As a result, while I think LIGO would still detect the "Newtonian" form of gravitational waves, the antenna pattern of the detector would be different. The L-shaped LIGO detector has optimal sensitivity to a source located directly overhead in the GR case (allowing the gravitational wave to stretch one arm while it is compressing the other). There would be no sensitivity to a "Newtonian" source directly overhead. However, you could detect it if the "Newtonian" source were aligned with either arm.

By the way, "Newtonian noise" (the near-field action of Newtonian gravity arising from density waves in the material near the detector) is a real concern for terrestrial gravitational wave detectors!

P.S. To be pedantic, it is best to avoid the term "gravity wave" (as opposed to "gravitational wave"), since a "gravity wave" ("Newtonian gravity wave" even!) is something completely different.

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Thanks for posting something referenced! –  Sklivvz Apr 7 '11 at 18:10
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I don't think so. To first order, the maximum variation in your Newton's gravity force is $$F_{min}-F_{max}=\frac{6GMmr^2}{d^4}$$

If we assume that the effects of gravity propagate at light speed, then in order for one mirror to experience $F_{max}$ while the other experiences $F_{min}$, the objects must rotate 90 degrees in the time $l/c$ where $l$ is the path length of the interferometer (4 kilometers for LIGO).

If we choose the speed of light as an upper bound for the speed of the rotating objects, this means that they can be separated by no more than about 5 kilometers ($r=2.5$).

A lower bound on $d$ can be 4 lightyears, the distance to the nearest star.

Let's suppose the mass of a mirror is $m = 100 kg$, and the mass of the rotating objects is 20 billion solar masses, the largest known mass in the universe.

Punching this into google calculator gives a force difference of about $10^{-28}$N, which is 4 orders of magnitude smaller than any force yet measured - and of course most of these assumptions are unphysically generous.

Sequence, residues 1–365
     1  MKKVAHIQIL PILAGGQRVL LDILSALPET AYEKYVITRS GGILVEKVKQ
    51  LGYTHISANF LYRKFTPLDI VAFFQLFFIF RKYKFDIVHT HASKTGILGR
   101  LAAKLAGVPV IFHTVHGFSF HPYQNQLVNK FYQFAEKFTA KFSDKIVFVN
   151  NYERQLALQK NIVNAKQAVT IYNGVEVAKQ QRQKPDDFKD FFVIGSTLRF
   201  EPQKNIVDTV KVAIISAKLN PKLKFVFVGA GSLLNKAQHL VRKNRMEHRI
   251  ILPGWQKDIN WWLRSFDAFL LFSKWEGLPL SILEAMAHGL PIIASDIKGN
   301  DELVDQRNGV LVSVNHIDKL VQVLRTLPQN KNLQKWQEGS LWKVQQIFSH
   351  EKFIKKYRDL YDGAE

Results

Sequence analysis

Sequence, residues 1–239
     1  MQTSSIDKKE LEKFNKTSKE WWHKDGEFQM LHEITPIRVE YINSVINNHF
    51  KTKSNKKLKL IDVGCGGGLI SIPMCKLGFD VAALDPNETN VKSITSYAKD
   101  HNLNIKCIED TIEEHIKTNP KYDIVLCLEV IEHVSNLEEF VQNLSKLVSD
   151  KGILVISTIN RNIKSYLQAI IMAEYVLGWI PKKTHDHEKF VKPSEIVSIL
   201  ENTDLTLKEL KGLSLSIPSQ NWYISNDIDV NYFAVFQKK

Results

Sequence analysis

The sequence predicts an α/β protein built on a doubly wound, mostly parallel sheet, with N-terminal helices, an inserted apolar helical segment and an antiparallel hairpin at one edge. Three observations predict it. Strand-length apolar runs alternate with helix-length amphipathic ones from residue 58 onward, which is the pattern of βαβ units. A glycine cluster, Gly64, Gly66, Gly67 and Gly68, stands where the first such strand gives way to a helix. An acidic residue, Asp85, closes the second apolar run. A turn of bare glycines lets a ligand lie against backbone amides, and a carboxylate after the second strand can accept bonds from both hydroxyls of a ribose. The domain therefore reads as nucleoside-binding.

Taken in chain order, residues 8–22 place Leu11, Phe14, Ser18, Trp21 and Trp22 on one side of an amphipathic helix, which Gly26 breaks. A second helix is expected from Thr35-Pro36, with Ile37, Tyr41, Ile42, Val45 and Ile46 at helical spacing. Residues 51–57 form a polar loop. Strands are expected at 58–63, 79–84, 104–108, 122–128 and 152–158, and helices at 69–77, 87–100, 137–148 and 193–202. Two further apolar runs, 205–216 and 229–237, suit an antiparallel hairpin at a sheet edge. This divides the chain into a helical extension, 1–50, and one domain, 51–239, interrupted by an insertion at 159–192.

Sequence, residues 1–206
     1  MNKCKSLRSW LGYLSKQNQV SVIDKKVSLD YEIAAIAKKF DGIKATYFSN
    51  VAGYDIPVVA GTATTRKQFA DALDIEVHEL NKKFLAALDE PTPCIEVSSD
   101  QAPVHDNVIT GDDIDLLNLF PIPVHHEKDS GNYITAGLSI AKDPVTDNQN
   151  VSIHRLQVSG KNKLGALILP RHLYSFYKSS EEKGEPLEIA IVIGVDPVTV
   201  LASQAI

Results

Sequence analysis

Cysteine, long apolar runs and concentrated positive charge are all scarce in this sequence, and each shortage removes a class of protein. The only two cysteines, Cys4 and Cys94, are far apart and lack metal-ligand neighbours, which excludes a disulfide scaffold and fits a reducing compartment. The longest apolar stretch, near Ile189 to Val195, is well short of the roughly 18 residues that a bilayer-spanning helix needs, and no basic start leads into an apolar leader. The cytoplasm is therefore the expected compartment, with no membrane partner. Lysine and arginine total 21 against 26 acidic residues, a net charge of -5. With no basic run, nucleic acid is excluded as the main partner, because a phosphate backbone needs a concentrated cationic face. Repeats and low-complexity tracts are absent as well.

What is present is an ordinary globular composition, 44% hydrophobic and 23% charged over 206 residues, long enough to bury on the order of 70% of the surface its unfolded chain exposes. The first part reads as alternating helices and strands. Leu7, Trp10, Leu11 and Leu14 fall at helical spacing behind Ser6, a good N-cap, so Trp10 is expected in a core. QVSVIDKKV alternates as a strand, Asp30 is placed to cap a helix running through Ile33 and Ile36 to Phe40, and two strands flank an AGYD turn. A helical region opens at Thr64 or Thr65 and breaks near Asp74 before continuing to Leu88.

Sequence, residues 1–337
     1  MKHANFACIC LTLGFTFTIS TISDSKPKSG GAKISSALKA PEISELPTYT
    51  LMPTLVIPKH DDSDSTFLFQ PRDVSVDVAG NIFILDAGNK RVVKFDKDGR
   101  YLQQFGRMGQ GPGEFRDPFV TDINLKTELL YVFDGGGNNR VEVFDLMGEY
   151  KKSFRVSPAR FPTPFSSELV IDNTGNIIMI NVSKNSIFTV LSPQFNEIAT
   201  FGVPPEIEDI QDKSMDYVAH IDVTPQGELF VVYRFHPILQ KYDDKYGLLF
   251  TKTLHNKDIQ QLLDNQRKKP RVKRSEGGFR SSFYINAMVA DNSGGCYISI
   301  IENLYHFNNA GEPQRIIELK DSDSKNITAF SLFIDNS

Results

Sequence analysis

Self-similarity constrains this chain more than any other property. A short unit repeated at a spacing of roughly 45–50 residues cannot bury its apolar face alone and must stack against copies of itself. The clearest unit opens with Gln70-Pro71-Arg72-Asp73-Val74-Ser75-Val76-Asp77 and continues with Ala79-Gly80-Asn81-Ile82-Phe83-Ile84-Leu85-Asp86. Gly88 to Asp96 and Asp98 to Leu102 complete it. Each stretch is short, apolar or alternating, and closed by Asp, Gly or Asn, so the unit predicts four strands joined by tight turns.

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It's newtonian gravity, so there is no propagation speed. The effect is instantaneous. That and the falling off as $1/d^4$ like you mention, makes this not very "gravitational radiation" like in my opinion. –  John Apr 7 '11 at 3:06
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yeah, I wasn't sure about that.. I was thinking you could maybe treat it in a semi-relativistic manner by assuming a propagation speed of c, kind of like basic relativistic E&M and retarded potentials. There's probably lots of problems with this approach, but I think it's less wrong than assuming an instantaneous propagation which clearly violates special relativity. –  user2963 Apr 7 '11 at 3:24
    
The main problem is that there's no wave equation for the waves to satisfy. You can do something ad-hoc like applying retarded potentials, but that makes sense in Maxwell theory because retarded and advanced potentials solve Maxwell's equations. What is the "Newtonian" wave equation? –  Jerry Schirmer Apr 7 '11 at 4:59
    
The operation of LIGO is actually more easily understood in the long wavelength approximation, in which the gravitational wave strain changes very slowly compared to the time needed for light to circulate in the interferometer arms. It is not necessary to arrange for one mirror (of the two in an arm) to see a maximum of the wave while the other sees a minimum, since we are looking for a tidal effect. –  nibot Apr 7 '11 at 16:17